NAPLES, FL. – Yes, Naples is one of the most beautiful cities in the United States. And, yes, it has one of the best year-around climates. Temperatures were ideal for the entire month we stayed there.
This winter hotspot in southwest Florida has plenty to entice you. Good restaurants are in ample supply (though on the pricy side). The Dock, Turtle Club and newly-opened Masa – a very different type of Mexican place – were our favorites. Campiello’s wasn’t bad, either.
A two-hour bus tour of the area introduced to some beautiful homes and a wide range of tourist attractions.
And then there was, of course, the golf. The Naples area lists 91 courses, and we played 10. Sarasota, the winter retreat of a year ago, is only two hours away but the golf was preferable there. It’s not that Naples golf was bad, but it was different.
Our goal – as is always the case on our travels – is to play a wide variety of places and that means looking for the best values. No matter where you go, it’s nice to learn about a new area at least in part by playing its golf courses. In Naples that wasn’t so easy. In-season prices were discouraging, for one thing. And it seemed like most of the courses wanted to be considered private – but most weren’t. You could call and frequently get on.
There was a striking similarity to their entrances, be it Heritage Bay, The Quarry, Naples Heritage, TwinEagles (see photo above), Bonita Bay. And the holes generally had fairways with lodging on one side and water or more lodging on the other. One local that I played with said – without malice – that they looked like bowling alleys. Truthfully, that wasn’t so much a negative as it was a general description of how things are.
Thank goodness for the availability of golfnow.com. Not sure we could have played golf the way we like to play it without that website.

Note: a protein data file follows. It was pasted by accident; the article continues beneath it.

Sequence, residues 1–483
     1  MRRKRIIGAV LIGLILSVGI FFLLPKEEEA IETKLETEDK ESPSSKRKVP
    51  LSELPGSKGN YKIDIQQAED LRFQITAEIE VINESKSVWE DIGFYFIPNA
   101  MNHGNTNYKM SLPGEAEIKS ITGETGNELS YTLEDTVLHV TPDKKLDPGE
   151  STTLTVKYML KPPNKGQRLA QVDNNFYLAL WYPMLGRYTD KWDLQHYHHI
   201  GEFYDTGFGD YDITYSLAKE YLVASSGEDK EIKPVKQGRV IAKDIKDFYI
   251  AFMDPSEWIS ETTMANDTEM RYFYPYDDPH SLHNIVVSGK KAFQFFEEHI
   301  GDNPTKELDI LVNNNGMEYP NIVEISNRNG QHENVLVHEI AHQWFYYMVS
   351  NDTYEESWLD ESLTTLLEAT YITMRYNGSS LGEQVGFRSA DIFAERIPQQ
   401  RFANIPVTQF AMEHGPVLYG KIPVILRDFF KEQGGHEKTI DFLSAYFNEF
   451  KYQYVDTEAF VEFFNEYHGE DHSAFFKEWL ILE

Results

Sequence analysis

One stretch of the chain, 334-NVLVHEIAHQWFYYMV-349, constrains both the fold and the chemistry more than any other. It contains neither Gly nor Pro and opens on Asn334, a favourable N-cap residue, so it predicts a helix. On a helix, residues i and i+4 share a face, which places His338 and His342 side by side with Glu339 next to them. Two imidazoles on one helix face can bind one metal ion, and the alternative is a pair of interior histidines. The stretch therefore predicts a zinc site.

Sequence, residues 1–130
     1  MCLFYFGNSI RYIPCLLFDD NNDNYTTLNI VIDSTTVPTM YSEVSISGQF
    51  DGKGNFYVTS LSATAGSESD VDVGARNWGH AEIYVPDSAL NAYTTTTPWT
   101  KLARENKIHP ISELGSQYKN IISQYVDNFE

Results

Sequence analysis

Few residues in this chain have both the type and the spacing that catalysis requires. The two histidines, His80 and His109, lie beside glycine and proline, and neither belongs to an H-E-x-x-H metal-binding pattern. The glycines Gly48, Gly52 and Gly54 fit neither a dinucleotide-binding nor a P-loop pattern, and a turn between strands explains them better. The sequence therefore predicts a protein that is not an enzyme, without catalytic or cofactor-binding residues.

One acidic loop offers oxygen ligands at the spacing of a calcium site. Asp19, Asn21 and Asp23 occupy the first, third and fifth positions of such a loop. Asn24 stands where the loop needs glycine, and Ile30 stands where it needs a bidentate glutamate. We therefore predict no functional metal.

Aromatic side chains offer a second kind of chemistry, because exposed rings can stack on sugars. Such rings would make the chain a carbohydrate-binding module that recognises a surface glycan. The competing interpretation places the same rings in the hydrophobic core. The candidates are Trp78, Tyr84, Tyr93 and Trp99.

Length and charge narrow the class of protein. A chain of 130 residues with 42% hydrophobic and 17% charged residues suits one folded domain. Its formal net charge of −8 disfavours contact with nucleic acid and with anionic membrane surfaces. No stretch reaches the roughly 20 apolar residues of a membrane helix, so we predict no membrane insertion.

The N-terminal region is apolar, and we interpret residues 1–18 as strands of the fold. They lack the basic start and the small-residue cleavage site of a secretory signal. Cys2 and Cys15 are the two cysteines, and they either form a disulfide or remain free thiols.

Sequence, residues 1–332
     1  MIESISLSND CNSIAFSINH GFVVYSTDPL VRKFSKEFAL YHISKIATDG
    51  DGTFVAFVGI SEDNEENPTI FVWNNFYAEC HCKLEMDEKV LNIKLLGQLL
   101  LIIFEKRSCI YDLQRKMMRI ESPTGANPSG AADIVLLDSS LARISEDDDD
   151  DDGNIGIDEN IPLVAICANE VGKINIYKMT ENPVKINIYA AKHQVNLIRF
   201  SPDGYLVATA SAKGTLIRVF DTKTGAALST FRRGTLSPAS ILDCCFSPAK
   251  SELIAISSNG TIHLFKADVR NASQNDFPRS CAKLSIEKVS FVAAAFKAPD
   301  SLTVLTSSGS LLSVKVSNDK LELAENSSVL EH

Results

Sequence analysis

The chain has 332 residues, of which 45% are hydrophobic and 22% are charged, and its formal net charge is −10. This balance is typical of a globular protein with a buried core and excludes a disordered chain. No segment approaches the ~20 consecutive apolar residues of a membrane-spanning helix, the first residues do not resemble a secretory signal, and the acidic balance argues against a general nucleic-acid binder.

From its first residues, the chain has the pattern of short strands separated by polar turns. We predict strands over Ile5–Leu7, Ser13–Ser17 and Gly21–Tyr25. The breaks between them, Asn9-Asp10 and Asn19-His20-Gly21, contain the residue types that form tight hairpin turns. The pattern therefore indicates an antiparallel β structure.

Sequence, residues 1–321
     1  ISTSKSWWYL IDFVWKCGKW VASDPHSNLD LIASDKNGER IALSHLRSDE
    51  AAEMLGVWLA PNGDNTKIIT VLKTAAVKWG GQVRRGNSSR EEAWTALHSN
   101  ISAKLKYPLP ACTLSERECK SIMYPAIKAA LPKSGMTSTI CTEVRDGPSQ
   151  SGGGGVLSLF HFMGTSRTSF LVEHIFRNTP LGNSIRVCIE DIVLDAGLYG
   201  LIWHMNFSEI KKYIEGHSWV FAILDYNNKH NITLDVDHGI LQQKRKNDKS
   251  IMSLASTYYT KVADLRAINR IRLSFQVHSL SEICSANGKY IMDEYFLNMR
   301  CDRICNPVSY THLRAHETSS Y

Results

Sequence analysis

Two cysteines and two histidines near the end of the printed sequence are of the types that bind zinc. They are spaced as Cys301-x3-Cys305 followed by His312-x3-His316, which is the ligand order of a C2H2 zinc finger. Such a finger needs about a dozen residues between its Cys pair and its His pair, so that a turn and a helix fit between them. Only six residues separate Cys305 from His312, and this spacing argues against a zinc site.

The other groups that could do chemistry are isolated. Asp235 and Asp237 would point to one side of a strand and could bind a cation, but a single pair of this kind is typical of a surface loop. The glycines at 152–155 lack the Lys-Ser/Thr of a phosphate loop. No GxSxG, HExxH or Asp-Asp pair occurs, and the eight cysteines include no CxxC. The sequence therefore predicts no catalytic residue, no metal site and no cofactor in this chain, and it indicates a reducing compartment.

We enjoyed our condo in one golf community (Heritage Bay), but never could wangle a tee time there — though the 27 holes available were at least nominally open for public play (it was a new golfnow.com offering) and clearly not in full use.
The most notable round of our stay was the last one – at TwinEagles, a 36-hole private club with an enviable history. In 2012 it hosted events on two of the major world tours – the Ace Group Classic on the Champions Tour and the CME Titleholders Championship on the Ladies PGA Tour.
Jack Nicklaus designed TwinEagles’ Talon course, which was being prepared for the Champions Tour return in February. The Champions circuit played an event on the Talon from 2002-06 and returned in 2012. It produced some great winners – Hale Irwin, Loren Roberts and Kenny Perry among them — and Tom Watson was a runner-up there three times.
We played the Eagle, originally known as the Aerie course designed by Gary Player. Steve Smyers, who did a great job in renovating the South Course at Olympia Fields in recent years, completed a remake of the Eagle in January of 2012 and it hosted the LPGA event 11 months later.